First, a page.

Although it's a long way off, I can't help but obsess over what car I should buy as my next project car. One thing is for sure: when I first get back into automotive events, I will not be participating in wheel-to-wheel racing, as it simply costs too much in time and money. Rather, I expect to ease back into things, spending time instructing and lapping at local tracks (so I can be home for the boys' bedtime or dinner). As a result, I will not need a full-on race car. This means I can pick something a bit less hard-core, something that can also be an enjoyable weekend car. As a result, I am eliminating any 2-seaters, like the Miata (which I love), so that the family can join me on such rides. 

There are three main contenders so far:

1) 1985-1989 BMW 635Csi. 

Since I was a teenager, I have been impressed by these big BMW coupes. They are not sports cars, yet they have a fantastic racing heritage. The challenge would be to transform this grand tourer into a sports car with the right modifications (weight reduction, suspension and wheels/tires to start). The long-term goal would be to convert the car to vintage racing specifications.

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Pros: 
This is really the car I would like to end up with
No depreciation, possible increase in value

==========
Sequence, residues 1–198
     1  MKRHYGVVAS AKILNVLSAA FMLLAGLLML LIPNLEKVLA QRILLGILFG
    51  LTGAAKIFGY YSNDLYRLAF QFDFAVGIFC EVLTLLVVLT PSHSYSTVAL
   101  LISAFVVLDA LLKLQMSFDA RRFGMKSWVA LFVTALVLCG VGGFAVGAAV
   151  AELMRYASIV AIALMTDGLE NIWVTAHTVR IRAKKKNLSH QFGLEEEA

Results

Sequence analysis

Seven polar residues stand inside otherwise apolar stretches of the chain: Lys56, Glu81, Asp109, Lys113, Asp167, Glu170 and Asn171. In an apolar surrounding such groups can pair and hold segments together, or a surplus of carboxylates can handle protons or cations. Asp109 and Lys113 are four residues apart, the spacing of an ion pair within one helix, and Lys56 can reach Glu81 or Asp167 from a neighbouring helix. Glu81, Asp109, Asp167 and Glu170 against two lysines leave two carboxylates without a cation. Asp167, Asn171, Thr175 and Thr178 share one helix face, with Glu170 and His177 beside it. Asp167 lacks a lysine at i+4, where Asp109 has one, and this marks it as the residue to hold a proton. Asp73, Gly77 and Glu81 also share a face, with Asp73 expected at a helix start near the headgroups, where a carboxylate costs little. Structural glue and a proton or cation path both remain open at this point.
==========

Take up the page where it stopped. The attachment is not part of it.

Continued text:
Racing heritage
Reliable engine and transmission
I like the idea of having two BMW's
Rear-wheel-drive
The car is a real head-turner and now rare

Cons:
The cars are old, so might need a lot of work
I'm not sure how the car will do on track with inexpensive modifications
Not a sports car
Limited availability of performance parts

2) 2004- Mazda RX8

I have always liked these cars, but do not love them, like I love M3's or Miata's or Evo's. Still, you can really get a lot of car for about 6 000 $. Also, the car really is a sports car, even though it has four doors. I am confident I could keep on top of the maintenance of the rotary engine, but I would have to know for sure that the previous owner did as well...

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Pros:
This car would be fun to drive and comfortable on track even without modifications
The cars are not old and many were never winter driven
Rear-wheel-drive
Racing heritage
Can't really depreciate any more
Quite uncommon 
I could drive it for a couple of years, then maybe get a more serious project car

Cons:
If the car was not properly maintained, the engine might have issues
I am not in love with the look of the car (although some lowering springs and new wheels might help)

3) 2006-2011 Honda Civic Si

These cars are pretty much sports cars right out of the box as well: 197 hp (easily tuneable for more) and a limited-slip differential are stock. It's a Civic, so I would be confident about reliability and my ability to be quick on track behind the wheel.

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Pros:
Honda reliability
Wide availability of tuning parts
The K20 engine is a beauty
I could drive it for a couple of years, then maybe get a more serious project car, as these are easy to sell

Cons:
I am not in love with the look of the car
It's front-wheel drive, so less of an interesting challenge for me
The used ones I see will surely have been winter driven
Not much of a head-turner, not especially rare

It is really hard to figure out which would be the best choice for me... but I have plenty of time to figure it out. In fact, figuring it out is, in and of itself, a fun way to spend these cold winter nights.